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News and Updates

>> The MWA team invites members of the astronomical community to a workshop in Sydney on 15-16 October 2014 to discuss future extensions/upgrades to the telescope. Details and registration are available here.

>> Lead author Dr. Andre Offringa (ANU) and the MWA Team have just posted a new publiction to ArXiv on: WSClean: an implementation of a fast, generic wide-field imager for radio astronomy (2014)

>> Observers did you know... You can check out the current weather and forecasts for the MWA site.

  • Outrigger tile about 1.5km from the core of the array, with a view of the breakaway behind it. Credit: Natasha Hurley-Walker
  • 28 April 2013: Early look at a test drift scan while commissioning the MWA. Credit: Andre Offringa and MWA Science Commissioning Team
  • Silhouette of an individual dipole. Credit: Natasha Hurley-Walker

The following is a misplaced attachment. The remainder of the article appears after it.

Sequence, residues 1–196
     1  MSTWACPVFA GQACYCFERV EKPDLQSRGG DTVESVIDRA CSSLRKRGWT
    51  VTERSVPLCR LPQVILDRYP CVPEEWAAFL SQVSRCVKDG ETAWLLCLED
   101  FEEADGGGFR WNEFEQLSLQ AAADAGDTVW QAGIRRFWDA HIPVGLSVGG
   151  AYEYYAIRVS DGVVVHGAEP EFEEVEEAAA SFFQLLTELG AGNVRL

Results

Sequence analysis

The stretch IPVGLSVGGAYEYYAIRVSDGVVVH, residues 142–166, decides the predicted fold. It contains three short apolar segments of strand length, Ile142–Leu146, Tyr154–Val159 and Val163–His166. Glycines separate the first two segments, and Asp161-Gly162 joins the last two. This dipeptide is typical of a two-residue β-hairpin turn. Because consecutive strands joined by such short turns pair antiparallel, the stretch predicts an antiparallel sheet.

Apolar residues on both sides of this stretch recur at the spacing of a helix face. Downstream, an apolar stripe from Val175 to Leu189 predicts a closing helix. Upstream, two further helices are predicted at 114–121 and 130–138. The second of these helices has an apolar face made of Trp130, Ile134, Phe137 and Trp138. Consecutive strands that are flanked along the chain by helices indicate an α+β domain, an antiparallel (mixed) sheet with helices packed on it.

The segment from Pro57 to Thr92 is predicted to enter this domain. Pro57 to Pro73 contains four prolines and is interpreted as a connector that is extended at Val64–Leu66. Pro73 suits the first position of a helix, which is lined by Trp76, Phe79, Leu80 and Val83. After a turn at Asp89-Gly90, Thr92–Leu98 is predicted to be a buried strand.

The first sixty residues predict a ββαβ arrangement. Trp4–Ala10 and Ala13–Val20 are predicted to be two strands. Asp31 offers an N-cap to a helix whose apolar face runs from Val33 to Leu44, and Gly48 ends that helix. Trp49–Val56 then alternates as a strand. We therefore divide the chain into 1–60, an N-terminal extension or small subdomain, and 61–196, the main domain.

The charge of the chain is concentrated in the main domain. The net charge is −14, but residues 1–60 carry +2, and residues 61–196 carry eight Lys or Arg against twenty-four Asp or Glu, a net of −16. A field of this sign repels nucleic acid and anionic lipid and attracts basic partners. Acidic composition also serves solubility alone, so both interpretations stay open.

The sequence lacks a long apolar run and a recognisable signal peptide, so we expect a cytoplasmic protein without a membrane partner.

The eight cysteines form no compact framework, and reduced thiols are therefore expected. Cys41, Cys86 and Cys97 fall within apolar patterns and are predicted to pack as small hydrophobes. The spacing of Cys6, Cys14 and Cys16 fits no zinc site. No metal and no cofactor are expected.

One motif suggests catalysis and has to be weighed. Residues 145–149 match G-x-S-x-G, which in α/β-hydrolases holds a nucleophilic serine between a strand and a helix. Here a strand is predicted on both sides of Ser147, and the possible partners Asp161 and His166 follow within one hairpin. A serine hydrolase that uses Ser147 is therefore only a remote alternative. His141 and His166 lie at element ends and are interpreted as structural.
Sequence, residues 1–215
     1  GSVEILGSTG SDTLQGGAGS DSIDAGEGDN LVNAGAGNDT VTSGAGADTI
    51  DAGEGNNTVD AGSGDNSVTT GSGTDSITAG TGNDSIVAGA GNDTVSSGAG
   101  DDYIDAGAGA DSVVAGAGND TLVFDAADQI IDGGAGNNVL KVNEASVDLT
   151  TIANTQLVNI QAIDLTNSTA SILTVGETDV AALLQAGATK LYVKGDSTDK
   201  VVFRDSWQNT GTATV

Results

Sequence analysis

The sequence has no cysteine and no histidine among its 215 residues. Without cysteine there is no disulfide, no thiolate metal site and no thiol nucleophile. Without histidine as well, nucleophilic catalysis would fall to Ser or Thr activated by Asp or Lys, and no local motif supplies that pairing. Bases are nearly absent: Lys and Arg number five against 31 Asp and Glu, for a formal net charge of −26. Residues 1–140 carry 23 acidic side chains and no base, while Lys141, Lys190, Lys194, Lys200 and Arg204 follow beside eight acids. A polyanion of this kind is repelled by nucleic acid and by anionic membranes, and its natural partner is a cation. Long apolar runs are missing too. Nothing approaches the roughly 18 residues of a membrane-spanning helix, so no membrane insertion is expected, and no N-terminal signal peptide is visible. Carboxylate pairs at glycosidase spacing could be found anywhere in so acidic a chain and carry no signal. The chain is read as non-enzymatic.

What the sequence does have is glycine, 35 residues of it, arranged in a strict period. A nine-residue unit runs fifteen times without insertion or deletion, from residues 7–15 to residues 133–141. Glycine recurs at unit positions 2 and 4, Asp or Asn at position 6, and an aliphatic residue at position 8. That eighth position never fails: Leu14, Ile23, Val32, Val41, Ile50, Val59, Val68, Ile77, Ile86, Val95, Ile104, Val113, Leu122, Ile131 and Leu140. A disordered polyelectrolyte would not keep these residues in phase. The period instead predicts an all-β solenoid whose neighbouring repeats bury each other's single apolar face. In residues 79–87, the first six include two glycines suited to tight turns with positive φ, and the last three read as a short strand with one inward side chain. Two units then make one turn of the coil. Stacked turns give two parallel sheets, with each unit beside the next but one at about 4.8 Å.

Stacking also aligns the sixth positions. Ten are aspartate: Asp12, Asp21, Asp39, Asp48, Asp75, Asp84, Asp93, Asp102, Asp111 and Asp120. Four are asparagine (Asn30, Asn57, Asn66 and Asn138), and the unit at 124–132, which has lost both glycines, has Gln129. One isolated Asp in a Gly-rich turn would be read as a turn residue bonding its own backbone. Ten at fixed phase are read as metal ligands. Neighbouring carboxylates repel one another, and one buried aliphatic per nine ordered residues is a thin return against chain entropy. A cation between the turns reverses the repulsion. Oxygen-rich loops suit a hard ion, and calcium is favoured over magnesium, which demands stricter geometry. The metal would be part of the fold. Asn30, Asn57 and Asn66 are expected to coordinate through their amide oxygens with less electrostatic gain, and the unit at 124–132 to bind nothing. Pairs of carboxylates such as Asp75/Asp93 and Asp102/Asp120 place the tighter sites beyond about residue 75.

• 12 April 2013: First image from the full MWA! Credit: MWA Science Commissioning Team
  • Image of the nearby radio galaxy Cen A acquired by the MWA development system. Credit: Ben McKinley

The Telescope

The Murchison Widefi eld Array (MWA) is a low-frequency radio telescope operating between 80 and 300 MHz. It is located at the Murchison Radio-astronomy Observatory (MRO) in Western Australia, the planned site of the future Square Kilometre Array (SKA) lowband telescope, and is one of three telescopes designated as a Precursor for the SKA. The MWA has been developed by an international collaboration, including partners from Australia, India, New Zealand, and the United States. It is entering final construction and will be fully operational beginning in 2013. Read more about the telescope...

The Science

The MWA will perform large surveys of the entire Southern Hemisphere sky and acquire deep observations on targeted regions. It will enable astronomers to pursue four key science objectives. The primary endeavor is the hunt for intergalactic hydrogen gas that surrounded early galaxies during the cosmological epoch of reionization. The MWA will also provide new insights into our Milky Way galaxy and its magnetic field, pulsing and exploding stellar objects, and the science of space weather that connects our Sun to the environment here on Earth. Read more about MWA science...